Unfortunately, a lot of misinformation surrounds bankruptcy and credit scores. This causes some people to avoid declaring bankruptcy when they should, leading to more problems.
Here is what you should know about the matter:
Your credit score could drop
If you have a generally good credit rating, filing for bankruptcy could harm your credit score. For example, if you have a credit score of 680, it may fall by 130 to 150 points. But if your credit score is better, at 780, you may lose 200 to 240 points. The higher your credit score, the more points you may lose when filing.
Your credit score could increase after filing
A person with a credit score that is already fairly low, in the 400s to 500s may get as much as 50 points more after filing, as bankruptcy can clear negative items on their credit report.
Can you rebuild your credit score?
It’s a myth that bankruptcy permanently damages credit scores. You can start to improve your credit score straight after filing using practical tips, including:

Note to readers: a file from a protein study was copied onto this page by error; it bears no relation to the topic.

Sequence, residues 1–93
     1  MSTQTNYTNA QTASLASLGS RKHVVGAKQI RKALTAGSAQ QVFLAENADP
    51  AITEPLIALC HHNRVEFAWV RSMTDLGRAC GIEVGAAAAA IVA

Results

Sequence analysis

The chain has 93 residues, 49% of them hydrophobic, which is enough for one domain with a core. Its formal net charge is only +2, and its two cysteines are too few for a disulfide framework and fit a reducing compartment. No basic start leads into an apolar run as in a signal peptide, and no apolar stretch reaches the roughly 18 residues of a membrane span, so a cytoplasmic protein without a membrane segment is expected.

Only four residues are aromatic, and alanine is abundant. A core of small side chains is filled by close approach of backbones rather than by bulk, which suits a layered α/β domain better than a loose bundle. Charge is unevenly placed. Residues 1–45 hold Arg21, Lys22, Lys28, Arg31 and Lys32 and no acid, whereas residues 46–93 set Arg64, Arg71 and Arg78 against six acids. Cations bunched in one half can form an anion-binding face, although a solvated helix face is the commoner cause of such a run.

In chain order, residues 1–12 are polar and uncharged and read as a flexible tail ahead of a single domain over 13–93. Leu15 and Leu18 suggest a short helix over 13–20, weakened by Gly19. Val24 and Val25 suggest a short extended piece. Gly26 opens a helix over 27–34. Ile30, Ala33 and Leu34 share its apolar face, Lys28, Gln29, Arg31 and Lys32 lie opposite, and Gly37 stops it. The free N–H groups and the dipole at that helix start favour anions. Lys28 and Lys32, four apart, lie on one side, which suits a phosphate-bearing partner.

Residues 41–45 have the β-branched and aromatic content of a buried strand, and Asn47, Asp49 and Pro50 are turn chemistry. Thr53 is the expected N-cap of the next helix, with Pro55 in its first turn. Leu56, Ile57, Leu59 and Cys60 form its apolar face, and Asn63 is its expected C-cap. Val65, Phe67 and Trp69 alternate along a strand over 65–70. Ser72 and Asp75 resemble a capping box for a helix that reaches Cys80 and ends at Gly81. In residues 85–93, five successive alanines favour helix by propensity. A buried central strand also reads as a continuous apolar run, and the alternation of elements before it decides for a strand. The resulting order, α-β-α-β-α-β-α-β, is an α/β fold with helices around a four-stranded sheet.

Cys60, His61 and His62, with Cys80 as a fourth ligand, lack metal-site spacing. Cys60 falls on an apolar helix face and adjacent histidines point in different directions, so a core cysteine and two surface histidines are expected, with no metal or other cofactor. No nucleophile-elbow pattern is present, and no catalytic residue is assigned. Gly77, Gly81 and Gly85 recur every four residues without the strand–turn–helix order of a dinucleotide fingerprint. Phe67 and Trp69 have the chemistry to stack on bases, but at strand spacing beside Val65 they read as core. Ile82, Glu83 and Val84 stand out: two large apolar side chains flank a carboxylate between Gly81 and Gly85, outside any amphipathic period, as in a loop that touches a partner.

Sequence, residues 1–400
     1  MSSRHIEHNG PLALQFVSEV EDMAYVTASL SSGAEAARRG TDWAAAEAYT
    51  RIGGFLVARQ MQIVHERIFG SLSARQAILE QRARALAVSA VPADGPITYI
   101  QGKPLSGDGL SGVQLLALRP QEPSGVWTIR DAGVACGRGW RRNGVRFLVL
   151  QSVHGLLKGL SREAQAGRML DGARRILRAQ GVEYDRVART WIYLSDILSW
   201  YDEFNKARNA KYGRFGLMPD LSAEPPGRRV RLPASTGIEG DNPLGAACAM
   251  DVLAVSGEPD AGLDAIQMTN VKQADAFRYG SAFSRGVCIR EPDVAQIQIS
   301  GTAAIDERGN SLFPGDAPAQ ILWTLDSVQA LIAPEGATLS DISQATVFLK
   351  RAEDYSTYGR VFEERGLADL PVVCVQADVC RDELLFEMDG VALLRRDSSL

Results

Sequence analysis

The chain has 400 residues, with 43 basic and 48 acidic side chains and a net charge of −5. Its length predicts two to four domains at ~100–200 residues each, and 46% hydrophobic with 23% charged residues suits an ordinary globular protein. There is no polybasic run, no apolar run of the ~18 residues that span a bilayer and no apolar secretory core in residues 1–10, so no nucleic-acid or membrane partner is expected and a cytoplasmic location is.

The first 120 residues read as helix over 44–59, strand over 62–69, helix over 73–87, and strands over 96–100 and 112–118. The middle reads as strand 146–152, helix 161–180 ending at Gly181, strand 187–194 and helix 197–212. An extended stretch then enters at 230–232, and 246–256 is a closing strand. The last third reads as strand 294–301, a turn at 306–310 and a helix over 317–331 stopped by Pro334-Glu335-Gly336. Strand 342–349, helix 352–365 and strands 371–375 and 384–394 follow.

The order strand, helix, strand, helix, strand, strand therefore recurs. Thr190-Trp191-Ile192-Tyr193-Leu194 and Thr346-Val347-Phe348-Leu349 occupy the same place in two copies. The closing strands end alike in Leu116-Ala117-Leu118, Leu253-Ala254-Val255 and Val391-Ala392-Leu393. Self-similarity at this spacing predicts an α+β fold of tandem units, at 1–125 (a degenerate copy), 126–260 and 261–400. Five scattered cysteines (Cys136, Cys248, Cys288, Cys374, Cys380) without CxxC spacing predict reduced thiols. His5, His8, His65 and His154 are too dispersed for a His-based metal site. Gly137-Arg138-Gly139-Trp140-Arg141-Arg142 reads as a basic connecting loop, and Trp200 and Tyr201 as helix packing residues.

- Getting a secured credit card
- Considering a credit-builder loan
- Using a co-signer
- Making payments consistently
- Building an emergency savings fund
These tips can help you have enough money to meet your needs and increase your credit score simultaneously.
Will the bankruptcy reflect on your credit report?
When you declare bankruptcy, it will show on your credit report for a particular period, depending on the type of bankruptcy you took. However, if you do not declare bankruptcy now and do not come up with a solution to pay off your debts, your credit rating may get much worse. So, taking a temporary hit on your credit score by filing may be the quickest way to a healthy credit score.
Bankruptcy matters can be complicated so it is wise to learn more about your options.